The Apollo 11 Lunar Module Eagle, in a landing configuration was photographed in lunar orbit from the Command and Service Module Columbia. Inside the module were Commander Neil A. Armstrong and Lunar Module Pilot Buzz Aldrin. The long rod-like protrusions under the landing pods are lunar surface sensing probes. Upon contact with the lunar surface, the probes sent a signal to the crew to shut down the descent engine.
Image Credit: NASA
Television and Radio producer Pat O'Mahony speaks to Derek about the landing as Man first walked on the Moon 45 years ago yesterday (July 20, 1969) when American astronauts Neil Armstrong and Buzz Aldrin opened the hatch to the Apollo 11 Lunar Module Eagle and set foot on the surface marking mankind’s greatest achievement.
Official crew photo of the Apollo 11 Prime Crew. From left to right are astronauts Neil A. Armstrong, Commander; Michael Collins, Command Module Pilot; and Edwin E. Aldrin Jr., Lunar Module Pilot. Image Credit: NASA
Image Credit: NASA
Astronaut Buzz Aldrin walks on the surface of the moon near the leg of the lunar module Eagle during the Apollo 11 mission.
We are in the full throes of wedding fever, Churches, registry offices, indoor venues and now outdoor venues are packed up and down the country with brides and grooms making hay while the sun shines, so to speak. We heard recently that a wedding with a difference was coming up.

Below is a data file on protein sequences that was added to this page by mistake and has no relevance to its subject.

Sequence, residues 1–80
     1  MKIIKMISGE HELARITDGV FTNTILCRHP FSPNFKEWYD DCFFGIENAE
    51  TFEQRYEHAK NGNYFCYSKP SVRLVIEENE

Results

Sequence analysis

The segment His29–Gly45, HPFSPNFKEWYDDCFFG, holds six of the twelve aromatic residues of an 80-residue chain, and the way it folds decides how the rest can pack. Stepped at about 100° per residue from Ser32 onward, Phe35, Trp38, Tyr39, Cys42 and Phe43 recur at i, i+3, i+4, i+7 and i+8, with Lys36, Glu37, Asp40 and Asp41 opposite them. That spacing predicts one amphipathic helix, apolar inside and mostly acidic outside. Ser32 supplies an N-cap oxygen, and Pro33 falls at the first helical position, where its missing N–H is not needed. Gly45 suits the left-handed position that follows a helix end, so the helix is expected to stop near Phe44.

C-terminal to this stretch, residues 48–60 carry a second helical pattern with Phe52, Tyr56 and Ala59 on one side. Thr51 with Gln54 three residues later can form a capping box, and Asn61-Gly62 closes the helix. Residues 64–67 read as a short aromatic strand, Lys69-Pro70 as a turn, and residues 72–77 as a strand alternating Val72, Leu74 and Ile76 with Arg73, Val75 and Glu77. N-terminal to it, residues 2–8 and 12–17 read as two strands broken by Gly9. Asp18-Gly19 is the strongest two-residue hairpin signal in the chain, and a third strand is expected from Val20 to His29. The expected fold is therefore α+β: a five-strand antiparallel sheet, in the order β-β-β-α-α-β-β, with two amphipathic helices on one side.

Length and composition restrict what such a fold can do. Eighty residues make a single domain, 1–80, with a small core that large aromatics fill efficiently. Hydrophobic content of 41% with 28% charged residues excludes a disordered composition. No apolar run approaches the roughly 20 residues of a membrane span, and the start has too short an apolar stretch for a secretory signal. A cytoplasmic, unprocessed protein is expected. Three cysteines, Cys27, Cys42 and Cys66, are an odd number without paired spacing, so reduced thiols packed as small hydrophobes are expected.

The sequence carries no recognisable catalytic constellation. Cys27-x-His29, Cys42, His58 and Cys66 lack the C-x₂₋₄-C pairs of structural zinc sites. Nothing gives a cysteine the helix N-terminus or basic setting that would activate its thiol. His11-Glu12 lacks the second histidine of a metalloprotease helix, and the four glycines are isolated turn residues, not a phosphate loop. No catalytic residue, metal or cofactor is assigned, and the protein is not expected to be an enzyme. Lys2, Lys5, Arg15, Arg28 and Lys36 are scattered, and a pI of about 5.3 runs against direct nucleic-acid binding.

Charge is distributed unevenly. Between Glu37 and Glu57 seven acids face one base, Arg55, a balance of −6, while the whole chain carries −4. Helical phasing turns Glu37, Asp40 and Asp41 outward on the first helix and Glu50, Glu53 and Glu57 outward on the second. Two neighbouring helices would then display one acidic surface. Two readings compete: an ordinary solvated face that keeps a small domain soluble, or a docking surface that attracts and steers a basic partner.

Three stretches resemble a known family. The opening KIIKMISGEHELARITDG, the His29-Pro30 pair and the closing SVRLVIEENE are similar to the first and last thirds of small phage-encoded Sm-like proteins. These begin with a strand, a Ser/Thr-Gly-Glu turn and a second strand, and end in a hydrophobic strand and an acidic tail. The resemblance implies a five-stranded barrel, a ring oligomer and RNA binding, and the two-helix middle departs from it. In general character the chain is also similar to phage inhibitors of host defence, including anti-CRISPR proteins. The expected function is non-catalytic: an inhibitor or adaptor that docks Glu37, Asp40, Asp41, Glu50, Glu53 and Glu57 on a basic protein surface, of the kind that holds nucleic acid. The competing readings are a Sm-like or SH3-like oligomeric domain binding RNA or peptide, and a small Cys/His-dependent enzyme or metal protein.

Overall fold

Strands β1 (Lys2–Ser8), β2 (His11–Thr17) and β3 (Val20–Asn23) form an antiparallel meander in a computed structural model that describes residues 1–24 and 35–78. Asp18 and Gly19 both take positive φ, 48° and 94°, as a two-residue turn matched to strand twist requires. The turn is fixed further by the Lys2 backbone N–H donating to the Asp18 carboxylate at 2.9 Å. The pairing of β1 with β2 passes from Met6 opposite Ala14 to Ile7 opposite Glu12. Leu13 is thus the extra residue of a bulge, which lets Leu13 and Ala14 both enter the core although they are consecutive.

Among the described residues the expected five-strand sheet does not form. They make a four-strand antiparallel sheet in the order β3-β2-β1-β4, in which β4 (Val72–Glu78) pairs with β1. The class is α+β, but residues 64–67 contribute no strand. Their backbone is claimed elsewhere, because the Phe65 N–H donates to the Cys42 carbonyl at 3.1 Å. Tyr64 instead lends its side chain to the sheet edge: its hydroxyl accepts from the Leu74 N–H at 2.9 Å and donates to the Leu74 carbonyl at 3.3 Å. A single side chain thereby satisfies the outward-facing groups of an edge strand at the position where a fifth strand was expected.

Katriona Mc Fadden went out to investigate Chales Fort Weddings for The Mooney Show.
We are obsessed with the weather. It is a powerful, shared daily experience, offering us an immediate talking point with which to engage our fellow citizens. Yet when we talk about climate change the sense of guilt or powerlessness is enough to kill the conversation.
We sent our reporter Terry Flanagan into The Science Gallery to look at the new exhibition on Strange Weather. It runs until the 5th of October.
Katriona McFadden joins Derek and three contestants Iarla Donlon, Liam Blake and Eleanor Deary to play Mooney's Monday Quiz.
Hedgerows: It is an offence to 'cut, grub, burn or otherwise destroy hedgerows on uncultivated land during the nesting season from 1 March to 31 August, subject to certain exceptions'. For more information, click here.
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If you find an injured animal or bird, please contact the National Parks & Wildlife Service on 1890 20 20 21, or BirdWatch Ireland, on 01 281-9878, or visit www.irishwildlifematters.ie
Presenter: Derek Mooney